Confronting employees is difficult because drug using employees or those with alcohol use problems are in denial about their problematic use of substances.Confrontations by others before you as a supervisor give your employee the opportunity to craft well-honed defense mechanisms long before you intervene. You, in effect, are not the first person the employee has encountered. You will discover such employees are defensive, and they will well bolstered ability to intellectualize and shut you down in any verbal back and forth about your observations and the need for a test. Suffice to say, you will be no verbal match if you decide to inspire them to cooperate with you.
So, just act on your job, and pursue the penalty associated with a refusal to test.
Employees with substance abuse problems become highly adept at “reading” the emotions and “attitudes” of others with whom they engage. This is not because of alcoholism or drug addiction per se, but their need to remain in a mentally defensive posture to determine how they will explain away their drug and alcohol use problems, the goal of which is to avoid pinning such problems on substances, and instead keep the focus on external factors like other people, places, and things that caused them to have a mishap.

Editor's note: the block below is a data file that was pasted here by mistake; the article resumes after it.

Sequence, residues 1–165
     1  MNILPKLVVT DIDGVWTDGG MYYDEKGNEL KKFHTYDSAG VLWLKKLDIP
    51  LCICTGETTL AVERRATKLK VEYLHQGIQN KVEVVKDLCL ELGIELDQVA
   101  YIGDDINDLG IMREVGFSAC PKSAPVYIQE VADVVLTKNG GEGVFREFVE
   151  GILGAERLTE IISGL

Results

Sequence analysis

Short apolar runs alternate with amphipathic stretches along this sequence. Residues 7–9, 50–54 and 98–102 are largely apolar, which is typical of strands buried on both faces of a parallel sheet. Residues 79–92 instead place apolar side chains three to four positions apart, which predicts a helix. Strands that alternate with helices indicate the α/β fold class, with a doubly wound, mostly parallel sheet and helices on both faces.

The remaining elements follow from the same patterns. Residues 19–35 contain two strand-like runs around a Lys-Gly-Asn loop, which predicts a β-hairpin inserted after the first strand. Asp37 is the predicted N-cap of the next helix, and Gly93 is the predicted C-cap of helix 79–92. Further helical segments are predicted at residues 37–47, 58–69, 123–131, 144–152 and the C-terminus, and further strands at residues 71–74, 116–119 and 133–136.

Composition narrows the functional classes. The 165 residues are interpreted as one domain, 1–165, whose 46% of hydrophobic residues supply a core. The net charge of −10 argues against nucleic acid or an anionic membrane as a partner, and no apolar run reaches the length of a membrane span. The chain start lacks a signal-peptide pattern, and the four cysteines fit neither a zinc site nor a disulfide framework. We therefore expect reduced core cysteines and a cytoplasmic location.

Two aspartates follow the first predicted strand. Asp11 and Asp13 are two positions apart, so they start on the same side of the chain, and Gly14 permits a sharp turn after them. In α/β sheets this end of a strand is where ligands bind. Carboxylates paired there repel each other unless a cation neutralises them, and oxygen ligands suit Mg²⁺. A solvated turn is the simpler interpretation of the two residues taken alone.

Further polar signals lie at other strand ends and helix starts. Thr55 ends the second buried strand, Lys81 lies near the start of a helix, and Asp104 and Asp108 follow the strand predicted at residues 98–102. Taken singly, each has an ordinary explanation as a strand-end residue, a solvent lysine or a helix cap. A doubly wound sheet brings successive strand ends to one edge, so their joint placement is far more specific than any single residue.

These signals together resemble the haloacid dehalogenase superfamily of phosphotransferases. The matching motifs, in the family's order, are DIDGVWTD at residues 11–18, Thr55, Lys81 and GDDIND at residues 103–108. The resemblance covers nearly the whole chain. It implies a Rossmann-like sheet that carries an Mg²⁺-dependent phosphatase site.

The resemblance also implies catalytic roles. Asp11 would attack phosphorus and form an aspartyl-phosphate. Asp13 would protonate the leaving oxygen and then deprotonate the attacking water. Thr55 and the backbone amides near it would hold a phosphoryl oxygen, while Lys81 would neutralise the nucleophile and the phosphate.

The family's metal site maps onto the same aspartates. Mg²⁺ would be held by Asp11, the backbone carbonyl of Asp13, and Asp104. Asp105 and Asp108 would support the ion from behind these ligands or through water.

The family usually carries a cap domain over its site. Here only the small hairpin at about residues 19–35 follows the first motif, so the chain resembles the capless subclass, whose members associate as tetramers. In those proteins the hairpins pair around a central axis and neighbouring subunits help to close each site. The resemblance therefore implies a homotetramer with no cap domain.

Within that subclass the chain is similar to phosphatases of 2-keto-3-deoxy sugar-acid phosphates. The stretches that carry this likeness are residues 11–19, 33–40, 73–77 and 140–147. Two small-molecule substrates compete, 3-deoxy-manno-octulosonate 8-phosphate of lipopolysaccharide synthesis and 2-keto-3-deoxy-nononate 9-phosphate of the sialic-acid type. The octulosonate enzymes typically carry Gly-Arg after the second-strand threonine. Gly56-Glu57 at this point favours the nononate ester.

Over time, alcoholics and drug addicts learn to develop explanations of the drug and alcohol problems to satisfy those who confront them, and one way of doing this is to remain hyper vigilant. Assume you will never win the game of gotcha with these employees.
Always use a checklist when considering the behavior and conduct and attitude of employees you observe when attempting to determine whether there is reasonable suspicion to refer them to a drug and alcohol test. If you do not have a checklist, consider having such a document as a PDF on your smart phone or shrink the text and put it on an old playing card. Slip that into your wallet. You can also search online at any time for such a document. In the absences of these tools, focus on what you are seeing, smelling, feeling, and hearing.
Get a program for DOT drug and alcohol supervisor training or non-dot supervisor reasonable suspicion training.